Tag Archives: Stephen D. Ramseur

The Battle of Lynchburg

The fighting at Lynchburg late in the afternoon of June 17, 1864 pitted infantry from General George Crook’s division against the Confederate cavalry brigades of Col. William Peters, (Grumble Jones former command); Col. William “Mudwall” Jackson and Gen. John Imboden under the overall command of the latter.

The Southern Cavalry deployed just west of Lynchburg near an old Quaker meeting house. Imboden checked the advance of Gen. William Averell’s cavalry who turned the fight over to Crook. He promptly attacked and drove back the Confederate horsemen. The History of the 91st Ohio Infantry provides a descriptive recollection of the first day’s battle at Lynchburg:

“June 17, we arrived within six miles of Lynchburg by 10 A.M. and rested until 3 P.M. We then moved to attack the rebels. The 91st Regiment was in the front line of battle, just to the right of the main pike leading into the city. It support in the second line of battle was the 9th West Virginia ; the 12th Ohio was on the right of the 91stt in the front line. On either side of the pike there were woods to protect the troops in their advance except immediately on the right and directly in front of the 91st, here was an open field through which the 91st was compelled to charge, an in which the rebels had built rail pens.  As the 91st  emerged from the woods into this field, they found themselves upon an elevated part of the field where the rebels played upon them with their artillery. In the middle of this field was a depression, and tat the farther side was another elevation upon which the rebel artillery was placed.

It seemed a terrible ordeal to attempt the passage of this field while the artillery frowned death and those rail pens were filled with angry rebels.  Not withstanding, the 91st charged over this field and through a terrible storm of shot and shell, driving the rebels from their defense, capturing two pieces of artillery, and pressing their entire line back to their inner line of defenses. We had the misfortune in this engagement to lose our commanding officer. Col. Turley was severely wounded while in the discharge of his duty, and lt. Col. Coates succeeded to the command of the regiment.”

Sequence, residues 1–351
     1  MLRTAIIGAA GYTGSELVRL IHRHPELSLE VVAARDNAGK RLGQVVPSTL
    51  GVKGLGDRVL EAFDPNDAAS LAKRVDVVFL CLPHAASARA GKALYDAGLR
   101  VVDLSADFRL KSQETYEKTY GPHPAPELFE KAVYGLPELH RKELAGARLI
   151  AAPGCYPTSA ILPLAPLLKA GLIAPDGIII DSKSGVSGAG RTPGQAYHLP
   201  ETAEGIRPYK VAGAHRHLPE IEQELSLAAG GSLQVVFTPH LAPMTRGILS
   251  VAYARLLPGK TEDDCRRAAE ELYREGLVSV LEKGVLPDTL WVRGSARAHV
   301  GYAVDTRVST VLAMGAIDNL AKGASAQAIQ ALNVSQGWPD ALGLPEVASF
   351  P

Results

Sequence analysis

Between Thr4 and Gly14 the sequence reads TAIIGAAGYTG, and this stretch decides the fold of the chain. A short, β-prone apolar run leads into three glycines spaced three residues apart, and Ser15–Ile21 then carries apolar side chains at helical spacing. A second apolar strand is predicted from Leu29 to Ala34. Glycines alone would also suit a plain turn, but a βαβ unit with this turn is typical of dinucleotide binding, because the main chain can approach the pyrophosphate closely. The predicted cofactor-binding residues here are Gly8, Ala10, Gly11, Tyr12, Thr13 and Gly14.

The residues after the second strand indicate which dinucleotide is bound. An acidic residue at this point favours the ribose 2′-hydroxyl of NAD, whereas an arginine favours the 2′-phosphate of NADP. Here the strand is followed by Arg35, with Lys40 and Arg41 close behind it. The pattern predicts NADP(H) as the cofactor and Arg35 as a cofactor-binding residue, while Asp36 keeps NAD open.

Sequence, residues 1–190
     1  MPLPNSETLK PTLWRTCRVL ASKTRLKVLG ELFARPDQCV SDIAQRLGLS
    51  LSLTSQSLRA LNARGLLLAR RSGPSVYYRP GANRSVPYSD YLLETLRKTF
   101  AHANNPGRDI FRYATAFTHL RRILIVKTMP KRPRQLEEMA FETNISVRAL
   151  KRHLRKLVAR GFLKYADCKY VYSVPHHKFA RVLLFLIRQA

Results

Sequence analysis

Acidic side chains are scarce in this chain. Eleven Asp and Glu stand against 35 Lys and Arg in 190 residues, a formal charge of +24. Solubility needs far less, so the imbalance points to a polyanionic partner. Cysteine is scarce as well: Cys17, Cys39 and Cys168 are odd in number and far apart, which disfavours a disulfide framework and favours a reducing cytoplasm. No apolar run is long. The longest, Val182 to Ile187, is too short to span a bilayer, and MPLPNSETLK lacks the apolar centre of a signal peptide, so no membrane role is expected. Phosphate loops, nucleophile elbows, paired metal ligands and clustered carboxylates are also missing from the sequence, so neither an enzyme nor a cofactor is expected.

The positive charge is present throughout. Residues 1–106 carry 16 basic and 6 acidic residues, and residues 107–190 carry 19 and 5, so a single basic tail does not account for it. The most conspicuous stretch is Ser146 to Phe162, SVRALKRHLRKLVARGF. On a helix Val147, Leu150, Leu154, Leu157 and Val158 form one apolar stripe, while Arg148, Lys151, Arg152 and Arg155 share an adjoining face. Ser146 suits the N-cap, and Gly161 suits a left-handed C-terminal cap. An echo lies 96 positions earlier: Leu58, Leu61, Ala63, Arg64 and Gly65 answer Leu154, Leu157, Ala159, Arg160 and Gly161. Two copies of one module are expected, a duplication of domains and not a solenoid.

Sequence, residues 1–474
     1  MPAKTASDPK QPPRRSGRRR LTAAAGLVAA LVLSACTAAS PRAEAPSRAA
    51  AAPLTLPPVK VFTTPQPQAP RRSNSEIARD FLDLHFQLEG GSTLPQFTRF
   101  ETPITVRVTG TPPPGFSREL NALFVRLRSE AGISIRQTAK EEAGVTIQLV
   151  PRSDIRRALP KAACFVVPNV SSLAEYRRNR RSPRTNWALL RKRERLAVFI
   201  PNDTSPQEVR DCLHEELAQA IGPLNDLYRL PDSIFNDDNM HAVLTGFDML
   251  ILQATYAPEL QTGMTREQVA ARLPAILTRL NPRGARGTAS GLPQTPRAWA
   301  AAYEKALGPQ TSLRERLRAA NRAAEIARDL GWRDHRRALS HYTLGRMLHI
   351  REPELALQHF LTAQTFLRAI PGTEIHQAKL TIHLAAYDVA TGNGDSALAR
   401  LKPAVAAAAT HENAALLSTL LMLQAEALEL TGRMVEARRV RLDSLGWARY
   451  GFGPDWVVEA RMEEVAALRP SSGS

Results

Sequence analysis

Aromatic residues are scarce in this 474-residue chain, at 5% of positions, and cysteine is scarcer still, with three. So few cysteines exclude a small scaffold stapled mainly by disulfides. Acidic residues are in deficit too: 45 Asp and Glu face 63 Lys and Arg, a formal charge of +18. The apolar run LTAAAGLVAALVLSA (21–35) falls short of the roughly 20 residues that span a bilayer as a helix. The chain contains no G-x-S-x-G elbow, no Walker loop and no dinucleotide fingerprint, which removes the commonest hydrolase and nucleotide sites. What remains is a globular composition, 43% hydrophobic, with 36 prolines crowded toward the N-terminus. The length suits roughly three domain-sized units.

The 91st Ohio was well supported in its assault and did not act alone, being joined in the attack by Col. Jacob Campbell’s brigade of Pennsylvanians and West Virginians as well as the troops noted in the history. Although the attack was successful, the opportunity to capture Lynchburg had been lost thanks to the bold delaying actions of Confederate Brig. Gen. John C. McCausland, who had contested Hunter’s advance from the moment he left Staunton, to Lexington, at Buchanan, over the Blue Ridge and on the road to Lynchburg. McCausland bought the time needed for Lt. Gen. Jubal Early to arrive late in town late in the afternoon of June 17, with the vanguard of the Army of Northern Virginia’s vaunted Second Corps. As Imboden’s horsemen retreated in confusion toward Lynchburg pursued by Crook’s infantry, Early led Maj. Gen. Stephen D. Ramseur’s division forward to restore the line. Shaking his fist in the air, “Old Jube” shouted defiantly to the Federals (and derisively toward Imboden’s beaten troopers as well), “No more buttermilk rangers after you now, damn you!?

Early’s arrival saved Lynchburg from Hunter’s grasp. The vital rail and supply center would remain securely in Confederate hands.

For more on the 1864 Valley Campaign read:

Shenandoah Summer       Layout 1

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The Kings of Kernstown – Civil War Art by John Paul Strain

John Paul Strain has once again shown his artistic talent in this beautifully done work on the Second Battle of Kernstown. His artwork is first rate and speaks for itself. Not only that, but it is one of the few pieces of art based in the Shenandoah Valley that does not feature Stonewall Jackson, so it is a unique piece in that regard. I highly recommend it to anyone who collects Civil War art. It is available for purchase at Mr. Strain’s website.